Issue No. 5 / late summer 2006
Winnifred Eaton (1875-1954) was born in Canada to a British father and a Chinese mother, and decided to capitalize on her exotic appearance by pretending to be Japanese and adopting the pen name of "Onoto Watanna." Under that name, she wrote more than a dozen Japanese romantic novels and a number of short stories. She is of interest to this column because of the screen adaptations of her work and her time in the 1920s as a screenwriter at Universal. Diana Birchall is Eaton's granddaughter, and Onoto Watanna: The Story of Winnifred Eaton (University of Illinois Press, $29.95/$20.00) is the rather dreary and dull recounting of the subject's life and career. I am sure Winnifred Eaton was a fascinating character, and obviously she had an extraordinary life, but she obviously needs a better biographer.
Eaton's 1901 novel, A Japanese Nightingale, was filmed by Pathé in 1918, and the author claims it was not successful. She provides no evidence for this statement, nor does she acknowledge the film's star, Fannie Ward, whose presence did, in all probability, guarantee the film's commercial success. Nor is there any mention of the major director involved, namely George Fitzmaurice. It is puzzling that Colonel William N. Selig appears quite a few times in the text and is described as Eaton's agent, but nowhere does the author mention his prominent early film company, the Selig Polyscope Company; I was not aware that Selig also was active as a literary agent while managing his production company, and this is an area that needs more explanation. A 25-page chapter is devoted to Eaton's work at Universal, which began in 1924 at the studio's New York office, where she was a scenario editor. She is described as a protégé of Carl Laemmle, but the author offers no proof of this, and, indeed, Eaton's minor work at the studio suggests otherwise. The author also states that Eaton's closest woman screenwriter friend was Lois Weber, but, again, provides little if any information as to the relationship and goes on to describe Weber (most incorrectly) as the director of the 1918 production of Tarzan of the Apes. Eaton did have some writing credits at Universal in the mid through late 1920s, and also contributed to Motion Picture Magazine, but the information provided by her biographer lacks detail and suggests a lack of understanding of film history.
Obviously intended primarily as a textbook, David Bordwell's The Way Hollywood Tells It: Story and Style in Modern Movies (University of California Press, $60.00/$24.95) examines the manner in which today's blockbusters continue the principles of visual storytelling created during the studio era. The analysis of the films is clear and intelligent, but I think the best part of the book is the 48-page appendix, "A Hollywood Timeline, 1960-2004," which, year by year, provides statistical data along with information on company activities, television, video and the internet, and moviemaking technology. I don't know if anyone else has done this type of breakdown, but if they have, I cannot believe they have done it better.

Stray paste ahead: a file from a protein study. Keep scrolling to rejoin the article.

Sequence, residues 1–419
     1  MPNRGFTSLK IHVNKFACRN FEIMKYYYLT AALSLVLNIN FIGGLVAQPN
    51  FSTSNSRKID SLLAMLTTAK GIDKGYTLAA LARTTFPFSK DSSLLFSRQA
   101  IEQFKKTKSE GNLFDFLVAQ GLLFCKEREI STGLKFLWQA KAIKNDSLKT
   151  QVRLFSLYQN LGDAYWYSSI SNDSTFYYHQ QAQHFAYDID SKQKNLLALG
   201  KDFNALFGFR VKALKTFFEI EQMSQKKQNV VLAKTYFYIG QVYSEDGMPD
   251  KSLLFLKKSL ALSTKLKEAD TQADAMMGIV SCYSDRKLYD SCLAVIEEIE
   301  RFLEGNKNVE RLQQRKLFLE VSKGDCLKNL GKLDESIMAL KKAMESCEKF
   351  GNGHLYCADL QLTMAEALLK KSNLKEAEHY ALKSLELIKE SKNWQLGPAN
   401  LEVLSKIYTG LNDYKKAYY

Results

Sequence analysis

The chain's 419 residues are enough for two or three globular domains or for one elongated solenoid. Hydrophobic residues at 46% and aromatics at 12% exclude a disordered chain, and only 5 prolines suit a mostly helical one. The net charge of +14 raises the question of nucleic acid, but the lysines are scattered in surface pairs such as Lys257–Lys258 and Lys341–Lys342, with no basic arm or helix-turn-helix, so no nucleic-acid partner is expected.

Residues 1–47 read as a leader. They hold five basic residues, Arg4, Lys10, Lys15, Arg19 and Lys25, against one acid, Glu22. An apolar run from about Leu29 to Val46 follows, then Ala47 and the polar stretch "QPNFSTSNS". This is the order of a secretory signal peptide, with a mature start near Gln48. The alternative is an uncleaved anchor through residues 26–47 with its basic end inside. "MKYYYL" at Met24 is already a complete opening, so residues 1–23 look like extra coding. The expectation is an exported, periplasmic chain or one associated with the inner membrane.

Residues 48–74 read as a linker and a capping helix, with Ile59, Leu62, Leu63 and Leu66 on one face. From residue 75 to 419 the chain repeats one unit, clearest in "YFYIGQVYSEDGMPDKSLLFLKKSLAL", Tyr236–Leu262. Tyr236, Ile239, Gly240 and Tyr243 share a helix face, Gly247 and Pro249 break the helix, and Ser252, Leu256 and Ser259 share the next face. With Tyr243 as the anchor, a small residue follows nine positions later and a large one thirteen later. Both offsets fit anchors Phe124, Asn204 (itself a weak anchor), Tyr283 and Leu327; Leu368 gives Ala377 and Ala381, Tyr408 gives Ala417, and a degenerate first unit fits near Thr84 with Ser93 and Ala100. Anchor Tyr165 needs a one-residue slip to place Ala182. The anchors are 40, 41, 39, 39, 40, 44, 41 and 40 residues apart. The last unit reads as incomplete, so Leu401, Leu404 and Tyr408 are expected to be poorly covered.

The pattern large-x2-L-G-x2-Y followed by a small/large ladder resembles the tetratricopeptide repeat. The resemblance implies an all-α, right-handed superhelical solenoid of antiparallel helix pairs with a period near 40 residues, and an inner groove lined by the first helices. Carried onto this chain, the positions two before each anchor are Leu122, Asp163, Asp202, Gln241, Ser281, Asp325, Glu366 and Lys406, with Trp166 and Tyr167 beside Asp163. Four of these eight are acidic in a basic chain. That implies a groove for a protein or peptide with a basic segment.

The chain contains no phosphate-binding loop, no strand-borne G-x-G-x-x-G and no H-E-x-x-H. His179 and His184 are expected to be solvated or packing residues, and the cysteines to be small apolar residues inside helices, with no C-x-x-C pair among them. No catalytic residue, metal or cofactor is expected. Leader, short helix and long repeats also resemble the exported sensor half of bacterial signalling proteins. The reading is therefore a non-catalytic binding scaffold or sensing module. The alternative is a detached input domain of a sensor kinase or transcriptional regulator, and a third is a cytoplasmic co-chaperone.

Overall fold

Barbara Klinger's Beyond the Multiplex: Cinema, New Technologies, and the Home (University of California Press, $60.00/$24.95) studies the manner in which audience view films at home and away from the traditional movie theaters. It is the first full-length study of how contemporary entertainment technologies and media influence our encounters with the motion picture – and, as such, it is an excellent introductory text.
Are the journalistic efforts of most newspaper reporters worthy of republication in book form? The answer is a resounding No! Certainly, one can only wonder at the seeming high regard in which one such journalist is held as evidenced by an array of over-the-top quotes of praise on the front and rear covers of Judy Stone's Not Quite a Memoir: Of Films, Books, the World (Silman-James Press, $29.95). Stone wrote for a handful of Bay Area newspapers, and the book reprints a fair number of her short pieces. Among the film people covered are Alfred Hitchcock, Jeremy Irons, Joseph E. Levine, Carlos Saura Jim Sheridan, and Gus Van Sant. I could find nothing particularly original here – in fact, it all seemed drearily politically correct – and nothing that deserved a second read.
Once upon a time there was a wonderful Brooklyn-based film buff named Herb Graff, who was both a brilliant raconteur and the owner of a unique 16mm film collection. Young film buffs will not know his name despite his once being profiled in The New Yorker and also being a frequent speaker at the Cinecon banquets. I remember one of his stories of an incident that took place in the men's room at New York's New School after one of William K. Everson's film screenings. Herb Graff was seated in one of the cubicles and he heard two young gay men enter. Both were enthusing about Kay Francis, the star of that night's film. The first young man revealed that he was the proud owner of one of the actress's gowns. Turning to his companion, with one assumes both hesitancy and desire, he added, "If you come home with me, I'll let you wear it."